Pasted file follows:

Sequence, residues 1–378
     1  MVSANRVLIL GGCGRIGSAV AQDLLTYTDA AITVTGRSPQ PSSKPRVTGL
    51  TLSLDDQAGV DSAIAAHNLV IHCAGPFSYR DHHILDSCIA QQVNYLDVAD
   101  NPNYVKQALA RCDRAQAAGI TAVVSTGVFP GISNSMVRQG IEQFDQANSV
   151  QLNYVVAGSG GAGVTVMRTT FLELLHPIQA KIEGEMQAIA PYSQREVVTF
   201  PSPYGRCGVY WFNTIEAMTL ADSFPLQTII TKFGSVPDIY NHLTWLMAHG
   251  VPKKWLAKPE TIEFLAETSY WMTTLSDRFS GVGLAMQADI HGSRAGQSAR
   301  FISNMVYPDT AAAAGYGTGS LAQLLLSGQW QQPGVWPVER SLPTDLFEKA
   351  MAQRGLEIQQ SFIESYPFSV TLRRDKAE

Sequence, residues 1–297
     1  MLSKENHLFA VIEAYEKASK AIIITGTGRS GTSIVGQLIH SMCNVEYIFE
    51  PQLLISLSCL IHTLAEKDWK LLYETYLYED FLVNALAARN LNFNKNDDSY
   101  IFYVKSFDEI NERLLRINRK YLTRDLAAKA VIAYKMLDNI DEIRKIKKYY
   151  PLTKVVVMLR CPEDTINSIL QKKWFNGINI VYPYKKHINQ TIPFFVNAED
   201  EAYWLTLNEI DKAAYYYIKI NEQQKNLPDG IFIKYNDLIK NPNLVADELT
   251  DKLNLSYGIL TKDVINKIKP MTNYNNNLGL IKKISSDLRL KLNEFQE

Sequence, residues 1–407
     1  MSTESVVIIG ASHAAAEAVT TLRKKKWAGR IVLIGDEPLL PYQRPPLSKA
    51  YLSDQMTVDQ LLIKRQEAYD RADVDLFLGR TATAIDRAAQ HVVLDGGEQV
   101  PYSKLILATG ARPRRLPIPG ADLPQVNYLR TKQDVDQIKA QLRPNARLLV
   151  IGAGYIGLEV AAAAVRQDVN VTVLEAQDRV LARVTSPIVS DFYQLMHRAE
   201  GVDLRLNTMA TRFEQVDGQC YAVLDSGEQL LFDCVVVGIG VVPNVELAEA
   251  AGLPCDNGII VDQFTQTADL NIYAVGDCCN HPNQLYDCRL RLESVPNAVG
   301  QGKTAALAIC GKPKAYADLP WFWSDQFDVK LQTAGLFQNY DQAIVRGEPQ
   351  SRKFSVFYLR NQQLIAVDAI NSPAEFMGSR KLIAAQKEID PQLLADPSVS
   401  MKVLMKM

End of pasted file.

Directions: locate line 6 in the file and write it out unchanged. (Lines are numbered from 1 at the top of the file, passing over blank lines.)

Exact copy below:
   201  PSPYGRCGVY WFNTIEAMTL ADSFPLQTII TKFGSVPDIY NHLTWLMAHG